EDIT THE SECOND: And here's a way of constructing such a "sufficiently simple" copy of $\omega_1^{CK}$: a copy of $\omega_1^{CK}$ can be computed straightforwardly from Kleene's $\mathcal{O}$, but$^2$ $\mathcal{O}$ is in $L_{\omega_2^{CK}}$ and so every ordinal with a copy computable from $\mathcal{O}$ is $<\omega_2^{CK}$. All of this requires a bit of familiarity with admissible sets and $L_{\omega_1^{CK}}$ in particular; Sacks' book is as usual a good source on the topic.

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  • $\begingroup$ > the point is that nothing beyond $\omega_2^{CK}$ is necessarily computable from a copy of $\omega_1^{CK}$ < I am not sure I understand the word "beyond" here correctly. Does it mean "below" or "above"? $\endgroup$ – lyrically wicked Feb 3 '19 at 2:54
  • $\begingroup$ @lyricallywicked above. If $r$ is a real coding a copy of $\omega_1^{CK}$, then every ordinal less than $\omega_1^{CK}$ has a copy computable from $r$ (and no ordinal $\ge\omega_2^{CK}$ is guaranteed to have a copy computable from $r$). $\endgroup$ – Noah Schweber Feb 3 '19 at 3:16
  • $\begingroup$ You mentioned "every ordinal less than $\omega_1^{CK}$" and "ordinal $\ge \omega_2^{CK}$". But where are all ordinals less than $\omega_2^{CK}$? Are their copies guaranteed to be computable? $\endgroup$ – lyrically wicked Feb 3 '19 at 3:38
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    $\begingroup$ (This then makes phrases like "real coding a copy of" redundant.) In this language, what I said above would be just: "If $r$ is a copy of $\omega_1^{CK}$, then every ordinal $<\omega_2^{CK}$ has an $r$-computable copy; on the other hand, there is a copy $s$ of $\omega_1^{CK}$ which doesn't compute copies of any ordinal $\ge\omega_2^{CK}$." $\endgroup$ – Noah Schweber Feb 3 '19 at 4:32
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    $\begingroup$ @lyricallywicked I've added a bit about producing a "sufficiently simple" copy of $\omega_1^{CK}$. $\endgroup$ – Noah Schweber Feb 3 '19 at 14:59
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This really should be a comment, but probably too long for it. Regarding [Quote2], I think it follows from a general and rather well-known result. Let $A \subseteq \mathbb{N}$ be any set such that $A\in HA$ (HA=hyperarithmethic). Then you can't generate $\omega_{CK}$ with a program that has access to the set $A$. If you denote $H$ as halt-set then because $H \in HYP$, one gets the result mentioned in the first half of [Quote2].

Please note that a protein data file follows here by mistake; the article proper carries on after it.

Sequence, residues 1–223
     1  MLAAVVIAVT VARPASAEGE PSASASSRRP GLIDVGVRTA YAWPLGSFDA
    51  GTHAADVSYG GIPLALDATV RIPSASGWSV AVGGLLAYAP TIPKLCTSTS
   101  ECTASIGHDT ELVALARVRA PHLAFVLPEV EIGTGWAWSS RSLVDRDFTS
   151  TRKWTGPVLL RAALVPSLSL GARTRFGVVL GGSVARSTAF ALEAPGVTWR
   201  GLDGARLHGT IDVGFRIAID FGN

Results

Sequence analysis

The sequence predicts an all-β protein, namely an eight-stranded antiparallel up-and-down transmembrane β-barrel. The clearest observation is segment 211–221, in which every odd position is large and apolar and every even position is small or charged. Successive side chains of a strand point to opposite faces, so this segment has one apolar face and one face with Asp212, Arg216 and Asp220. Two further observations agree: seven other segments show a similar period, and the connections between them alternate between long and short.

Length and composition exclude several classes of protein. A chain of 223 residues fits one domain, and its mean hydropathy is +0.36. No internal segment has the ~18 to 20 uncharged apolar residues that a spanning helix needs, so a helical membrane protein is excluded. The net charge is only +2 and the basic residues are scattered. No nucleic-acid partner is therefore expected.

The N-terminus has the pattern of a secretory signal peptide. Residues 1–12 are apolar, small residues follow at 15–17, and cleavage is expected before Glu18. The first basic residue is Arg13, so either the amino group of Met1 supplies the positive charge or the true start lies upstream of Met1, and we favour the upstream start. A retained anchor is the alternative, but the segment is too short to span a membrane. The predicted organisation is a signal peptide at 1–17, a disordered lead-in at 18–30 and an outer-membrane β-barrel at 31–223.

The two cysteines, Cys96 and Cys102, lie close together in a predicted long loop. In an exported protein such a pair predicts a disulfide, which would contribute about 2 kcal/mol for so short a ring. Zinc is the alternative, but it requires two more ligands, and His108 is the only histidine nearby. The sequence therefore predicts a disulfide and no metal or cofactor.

I do not have any familiarity with the result personally though (it was mentioned in the first question I asked an year ago).

Also regarding the second half of [Quote2], since you mentioned you don't understand what an "oracle for $\omega_{CK}$ means", here are few comments that might help. I am not good with formal stuff so I hope there isn't an issue in the wording. But formally I think it means having an access to function(or an equivalent set basically) which represents the well-order relation ...... corresponding to the well-ordering of $\omega_{CK}$ in terms of $\mathbb{N}$.

For example, if you defined a function $LE:\mathbb{N}^2 \rightarrow \mathbb{N}$ so that:

$LE(x,y)=1$ if and only if $x \le y$

then $LE$ represent the well-order relation ..... corresponding to well-ordering of $\mathbb{N}$ with order-type $\omega$.

Another example is:

$LE(x,y)=1$ if $x=y$

If $x \ne y$ then:

$LE(x,y)=$ truth value of $x<y$ ---- if $x$ is even and $y$ is even

$LE(x,y)=1$ ---- if $x$ is even and $y$ is odd

$LE(x,y)=0$ ---- if $x$ is odd and $y$ is even

$LE(x,y)=$ truth value of $x<y$ ---- if $x$ is odd and $y$ is odd

If you look at it carefully enough, $LE$ here represents the well-order relation corresponding to well-ordering of $\mathbb{N}$ with order-type $\omega \cdot 2$.

Similarly you can also describe a well-ordering of $\mathbb{N}$ with order-type $\omega^2$ using a pairing function (a function describing a 1-1 correspondence between $\mathbb{N}^2$ and $\mathbb{N}$).


Now coming back to the comment in second half of [Quote2]. If you denote $\alpha=\omega_{CK}=\omega^{CK}_1$ and denote, for example, $\beta$ as the smallest ordinal that can't be generated using a program that has access to the well-order relation describing the well-ordering of $\omega_{CK}$ in terms of $\mathbb{N}$. Then I hope you can easily see why the following should all be true (via a positive demonstration of a program that does it):

$\beta > \alpha \cdot 2$

$\beta > \alpha ^ 2$

$\beta > \alpha ^ \alpha$

$\beta > \gamma=sup\{\alpha, \alpha^\alpha, \alpha^{\alpha^\alpha},..... \}$

this goes on...

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  • $\begingroup$ But there is one more subtlety to it in the sense that the choice of well-order relation for $\omega_{CK}$ could change $\beta$. See the second comment by @Wojowu below the question. I am guessing that possibly the phrase "and for suitable choice of this oracle" is meant to reflect this. $\endgroup$ – SSequence Sep 5 '18 at 9:43
  • $\begingroup$ Bumped to correct somewhat misleading phrase "well-ordering of $\omega^2$ (in terms of $\mathbb{N}$)" $\endgroup$ – SSequence Sep 8 '18 at 16:11